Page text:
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Alertys is ideal for Vets

Quick and accurate testing for cattle-focused veterinary practices

Make your veterinary practice future-proof with Alertys tests

With Alertys, you can maintain the level of service you want to deliver, and the level of service your customers expect.

Alertys does away with the physically demanding and potentially dangerous work of manual, invasive pregnancy diagnosis testing - which is stressful for the Vet, stressful for the cow. 

Instead, we've developed a comprehensive range of sample-based pregnancy tests that need only milk or blood to confirm pregnancy status.

Cattle Vet.jpg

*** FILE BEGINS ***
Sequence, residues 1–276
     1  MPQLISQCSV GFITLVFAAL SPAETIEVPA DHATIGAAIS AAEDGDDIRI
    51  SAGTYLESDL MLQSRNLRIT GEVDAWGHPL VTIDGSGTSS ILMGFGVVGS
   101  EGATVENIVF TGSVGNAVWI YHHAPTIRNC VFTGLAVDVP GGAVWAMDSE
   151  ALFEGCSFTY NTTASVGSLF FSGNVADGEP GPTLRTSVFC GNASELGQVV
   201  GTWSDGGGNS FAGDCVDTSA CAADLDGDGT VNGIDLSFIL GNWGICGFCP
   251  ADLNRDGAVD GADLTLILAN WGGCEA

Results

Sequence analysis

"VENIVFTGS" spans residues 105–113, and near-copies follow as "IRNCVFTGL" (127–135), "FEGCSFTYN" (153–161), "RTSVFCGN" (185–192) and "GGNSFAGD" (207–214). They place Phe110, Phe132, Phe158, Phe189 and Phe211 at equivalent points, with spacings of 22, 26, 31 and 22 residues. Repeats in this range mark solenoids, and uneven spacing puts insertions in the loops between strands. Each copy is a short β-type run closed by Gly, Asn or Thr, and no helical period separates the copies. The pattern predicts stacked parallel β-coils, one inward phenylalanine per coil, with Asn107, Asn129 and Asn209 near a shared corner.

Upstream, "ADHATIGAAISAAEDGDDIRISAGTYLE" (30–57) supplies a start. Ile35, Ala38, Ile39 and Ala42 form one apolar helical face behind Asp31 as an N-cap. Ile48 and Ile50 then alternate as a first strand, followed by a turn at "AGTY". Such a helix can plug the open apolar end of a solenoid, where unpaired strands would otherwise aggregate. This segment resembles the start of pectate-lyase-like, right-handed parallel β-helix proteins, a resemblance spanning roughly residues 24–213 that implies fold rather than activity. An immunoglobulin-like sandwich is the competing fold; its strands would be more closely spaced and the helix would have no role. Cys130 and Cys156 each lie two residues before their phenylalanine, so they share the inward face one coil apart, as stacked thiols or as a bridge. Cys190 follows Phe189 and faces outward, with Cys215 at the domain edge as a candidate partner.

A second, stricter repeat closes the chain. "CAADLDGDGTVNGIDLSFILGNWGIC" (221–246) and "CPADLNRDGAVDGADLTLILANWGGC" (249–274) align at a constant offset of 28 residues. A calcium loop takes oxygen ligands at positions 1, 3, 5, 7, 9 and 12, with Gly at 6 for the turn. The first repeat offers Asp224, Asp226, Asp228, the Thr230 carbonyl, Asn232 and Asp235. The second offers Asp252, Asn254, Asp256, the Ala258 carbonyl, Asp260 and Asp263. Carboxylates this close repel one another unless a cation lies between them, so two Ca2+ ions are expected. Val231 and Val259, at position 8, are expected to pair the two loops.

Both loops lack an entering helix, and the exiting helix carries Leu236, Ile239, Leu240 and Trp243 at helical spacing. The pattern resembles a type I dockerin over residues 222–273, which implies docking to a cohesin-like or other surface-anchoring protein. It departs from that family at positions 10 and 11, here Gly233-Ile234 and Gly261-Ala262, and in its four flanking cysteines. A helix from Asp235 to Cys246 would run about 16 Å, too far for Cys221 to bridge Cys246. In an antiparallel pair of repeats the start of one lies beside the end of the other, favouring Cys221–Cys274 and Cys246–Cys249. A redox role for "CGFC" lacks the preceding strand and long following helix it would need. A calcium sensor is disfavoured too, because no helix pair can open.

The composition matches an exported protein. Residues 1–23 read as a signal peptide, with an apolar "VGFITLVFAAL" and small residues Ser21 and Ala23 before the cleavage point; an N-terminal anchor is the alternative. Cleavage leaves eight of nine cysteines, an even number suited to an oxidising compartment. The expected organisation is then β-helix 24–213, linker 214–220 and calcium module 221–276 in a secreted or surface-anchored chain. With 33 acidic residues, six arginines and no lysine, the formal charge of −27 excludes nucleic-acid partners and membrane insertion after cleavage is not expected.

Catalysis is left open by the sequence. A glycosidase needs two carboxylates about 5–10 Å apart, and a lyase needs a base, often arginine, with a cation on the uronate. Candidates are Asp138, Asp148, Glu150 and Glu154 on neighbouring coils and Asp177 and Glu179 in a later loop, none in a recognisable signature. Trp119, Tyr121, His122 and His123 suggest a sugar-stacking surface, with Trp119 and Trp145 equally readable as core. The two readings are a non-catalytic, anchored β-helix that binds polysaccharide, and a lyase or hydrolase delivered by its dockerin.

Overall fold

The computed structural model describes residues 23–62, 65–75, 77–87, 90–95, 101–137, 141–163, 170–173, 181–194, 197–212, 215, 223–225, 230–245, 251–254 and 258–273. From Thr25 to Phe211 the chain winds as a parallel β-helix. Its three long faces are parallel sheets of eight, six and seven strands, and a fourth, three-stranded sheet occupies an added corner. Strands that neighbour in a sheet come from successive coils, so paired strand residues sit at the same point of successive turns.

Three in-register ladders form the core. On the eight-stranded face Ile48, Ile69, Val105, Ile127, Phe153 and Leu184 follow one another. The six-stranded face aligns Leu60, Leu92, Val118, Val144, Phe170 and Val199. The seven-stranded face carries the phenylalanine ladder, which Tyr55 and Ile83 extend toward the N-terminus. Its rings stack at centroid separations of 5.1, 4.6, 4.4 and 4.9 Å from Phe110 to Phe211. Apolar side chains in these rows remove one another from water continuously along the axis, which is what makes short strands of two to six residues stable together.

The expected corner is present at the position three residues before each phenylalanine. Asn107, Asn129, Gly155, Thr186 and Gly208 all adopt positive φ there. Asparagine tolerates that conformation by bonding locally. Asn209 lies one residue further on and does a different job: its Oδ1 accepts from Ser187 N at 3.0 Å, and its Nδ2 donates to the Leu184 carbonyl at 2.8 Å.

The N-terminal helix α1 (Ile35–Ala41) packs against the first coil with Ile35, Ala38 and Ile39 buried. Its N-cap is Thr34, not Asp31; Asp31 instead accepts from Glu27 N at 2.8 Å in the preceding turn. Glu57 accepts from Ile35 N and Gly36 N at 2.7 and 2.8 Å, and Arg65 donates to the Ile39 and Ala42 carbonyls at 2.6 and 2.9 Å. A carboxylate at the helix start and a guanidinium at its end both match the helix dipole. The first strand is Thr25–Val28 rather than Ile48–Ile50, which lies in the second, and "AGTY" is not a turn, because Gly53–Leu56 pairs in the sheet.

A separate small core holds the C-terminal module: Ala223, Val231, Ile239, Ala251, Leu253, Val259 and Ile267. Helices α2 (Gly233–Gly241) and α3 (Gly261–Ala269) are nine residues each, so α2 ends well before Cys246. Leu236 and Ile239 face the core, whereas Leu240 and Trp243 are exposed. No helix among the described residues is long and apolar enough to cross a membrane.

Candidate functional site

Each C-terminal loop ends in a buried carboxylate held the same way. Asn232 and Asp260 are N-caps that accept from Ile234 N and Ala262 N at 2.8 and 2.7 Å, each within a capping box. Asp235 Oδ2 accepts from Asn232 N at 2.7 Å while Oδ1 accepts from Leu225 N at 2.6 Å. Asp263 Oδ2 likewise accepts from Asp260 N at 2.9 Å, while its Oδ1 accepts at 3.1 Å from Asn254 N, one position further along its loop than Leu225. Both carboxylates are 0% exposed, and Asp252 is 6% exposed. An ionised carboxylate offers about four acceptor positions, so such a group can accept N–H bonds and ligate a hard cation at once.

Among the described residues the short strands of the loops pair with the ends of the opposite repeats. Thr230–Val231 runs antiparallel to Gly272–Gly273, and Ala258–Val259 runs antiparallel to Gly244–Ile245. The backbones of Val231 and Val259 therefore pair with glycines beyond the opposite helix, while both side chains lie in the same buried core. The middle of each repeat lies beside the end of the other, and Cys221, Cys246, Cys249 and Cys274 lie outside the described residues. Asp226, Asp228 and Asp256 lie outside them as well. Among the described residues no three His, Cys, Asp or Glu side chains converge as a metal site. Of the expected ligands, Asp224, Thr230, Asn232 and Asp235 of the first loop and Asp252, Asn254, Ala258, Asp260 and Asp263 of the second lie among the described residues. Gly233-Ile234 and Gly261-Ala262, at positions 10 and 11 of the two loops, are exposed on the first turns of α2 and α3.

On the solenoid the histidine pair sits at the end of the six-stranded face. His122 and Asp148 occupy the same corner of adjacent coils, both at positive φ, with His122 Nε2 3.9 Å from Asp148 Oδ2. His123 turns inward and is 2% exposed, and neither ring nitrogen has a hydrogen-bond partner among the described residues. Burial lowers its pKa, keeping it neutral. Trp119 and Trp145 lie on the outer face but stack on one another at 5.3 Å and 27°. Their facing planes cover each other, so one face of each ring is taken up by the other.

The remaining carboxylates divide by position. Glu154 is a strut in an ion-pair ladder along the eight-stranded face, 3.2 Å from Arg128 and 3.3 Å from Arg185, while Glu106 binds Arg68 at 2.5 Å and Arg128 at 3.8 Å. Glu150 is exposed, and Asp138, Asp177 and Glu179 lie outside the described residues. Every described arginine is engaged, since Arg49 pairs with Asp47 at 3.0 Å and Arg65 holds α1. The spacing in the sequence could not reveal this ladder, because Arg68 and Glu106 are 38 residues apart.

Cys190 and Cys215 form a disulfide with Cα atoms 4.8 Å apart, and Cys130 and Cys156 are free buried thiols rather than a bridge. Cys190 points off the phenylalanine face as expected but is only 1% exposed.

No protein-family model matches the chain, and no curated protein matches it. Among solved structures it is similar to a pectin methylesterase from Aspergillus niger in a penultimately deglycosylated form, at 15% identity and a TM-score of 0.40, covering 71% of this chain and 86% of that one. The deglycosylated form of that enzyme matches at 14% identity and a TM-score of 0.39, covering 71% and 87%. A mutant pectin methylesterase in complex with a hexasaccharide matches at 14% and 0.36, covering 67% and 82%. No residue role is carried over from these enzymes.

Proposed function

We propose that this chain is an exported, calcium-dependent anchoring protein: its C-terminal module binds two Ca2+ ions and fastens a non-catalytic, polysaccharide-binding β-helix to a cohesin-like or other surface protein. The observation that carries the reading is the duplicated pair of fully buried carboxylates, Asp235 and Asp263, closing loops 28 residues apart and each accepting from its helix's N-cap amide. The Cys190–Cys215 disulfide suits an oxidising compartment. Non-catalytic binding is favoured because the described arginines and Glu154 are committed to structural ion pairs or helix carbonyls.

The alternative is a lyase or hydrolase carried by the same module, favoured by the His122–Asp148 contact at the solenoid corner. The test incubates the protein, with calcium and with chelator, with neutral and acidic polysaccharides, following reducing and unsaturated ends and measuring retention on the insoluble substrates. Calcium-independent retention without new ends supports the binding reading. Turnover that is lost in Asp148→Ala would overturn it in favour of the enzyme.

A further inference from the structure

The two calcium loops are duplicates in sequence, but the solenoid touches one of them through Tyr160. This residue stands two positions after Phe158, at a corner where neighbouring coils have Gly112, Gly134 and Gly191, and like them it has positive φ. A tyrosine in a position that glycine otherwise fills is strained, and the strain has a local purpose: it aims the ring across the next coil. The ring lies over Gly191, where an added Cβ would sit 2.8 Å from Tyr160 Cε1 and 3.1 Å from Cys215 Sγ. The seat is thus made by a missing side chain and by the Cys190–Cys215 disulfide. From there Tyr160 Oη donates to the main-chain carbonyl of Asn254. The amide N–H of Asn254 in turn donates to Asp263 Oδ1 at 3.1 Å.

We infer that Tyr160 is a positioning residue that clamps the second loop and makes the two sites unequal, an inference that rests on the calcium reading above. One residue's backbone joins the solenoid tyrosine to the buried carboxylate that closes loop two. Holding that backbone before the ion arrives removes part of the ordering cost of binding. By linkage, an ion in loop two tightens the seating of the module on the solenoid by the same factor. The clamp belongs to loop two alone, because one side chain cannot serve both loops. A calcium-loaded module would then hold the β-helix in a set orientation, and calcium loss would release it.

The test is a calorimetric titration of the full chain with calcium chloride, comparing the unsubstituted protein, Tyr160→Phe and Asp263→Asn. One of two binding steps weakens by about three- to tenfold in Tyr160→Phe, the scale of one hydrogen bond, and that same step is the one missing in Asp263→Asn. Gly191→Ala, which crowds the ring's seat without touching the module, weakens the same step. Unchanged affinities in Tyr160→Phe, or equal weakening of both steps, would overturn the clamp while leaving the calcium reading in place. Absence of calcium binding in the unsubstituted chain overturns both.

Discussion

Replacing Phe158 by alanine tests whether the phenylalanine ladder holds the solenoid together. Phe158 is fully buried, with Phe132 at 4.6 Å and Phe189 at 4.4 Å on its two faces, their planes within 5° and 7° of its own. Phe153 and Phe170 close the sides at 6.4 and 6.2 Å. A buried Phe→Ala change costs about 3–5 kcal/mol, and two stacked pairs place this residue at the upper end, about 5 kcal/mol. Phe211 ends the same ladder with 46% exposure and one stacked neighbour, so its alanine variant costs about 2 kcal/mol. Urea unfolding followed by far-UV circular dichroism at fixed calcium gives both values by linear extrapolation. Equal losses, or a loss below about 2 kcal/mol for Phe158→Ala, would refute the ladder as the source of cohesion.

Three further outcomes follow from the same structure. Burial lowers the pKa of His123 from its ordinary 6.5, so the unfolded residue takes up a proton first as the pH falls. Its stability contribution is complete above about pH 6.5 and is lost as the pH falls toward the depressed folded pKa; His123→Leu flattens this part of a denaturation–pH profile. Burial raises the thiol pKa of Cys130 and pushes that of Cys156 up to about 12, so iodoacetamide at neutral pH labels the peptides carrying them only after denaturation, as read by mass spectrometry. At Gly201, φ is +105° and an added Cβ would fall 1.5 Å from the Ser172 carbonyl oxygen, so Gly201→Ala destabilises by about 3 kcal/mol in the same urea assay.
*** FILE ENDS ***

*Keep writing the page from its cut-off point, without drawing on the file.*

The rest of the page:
Alertys tests detect PAG,
which is very specific for pregnancy

Unlike progesterone testing, the IDEXX Alertys tests detect pregnancy-specific proteins called pregnancy-associated glycoproteins (PAGs). Because progesterone is a hormone that occurs with peaks and troughs during the normal reproductive cycle and is not pregnancy-specific, progesterone testing is not seen as a reliable method for pregnancy diagnosis.

The pregnancy-specific proteins targeted by the Alertys tests from IDEXX are expressed in the embryonic regions of the placenta and detected in maternal fluids such as blood and milk. They are therefore only produced in the presence of an embryo or foetus, which means that the test is highly reliable.

  • What is PAG and how do the Alertys tests detect it?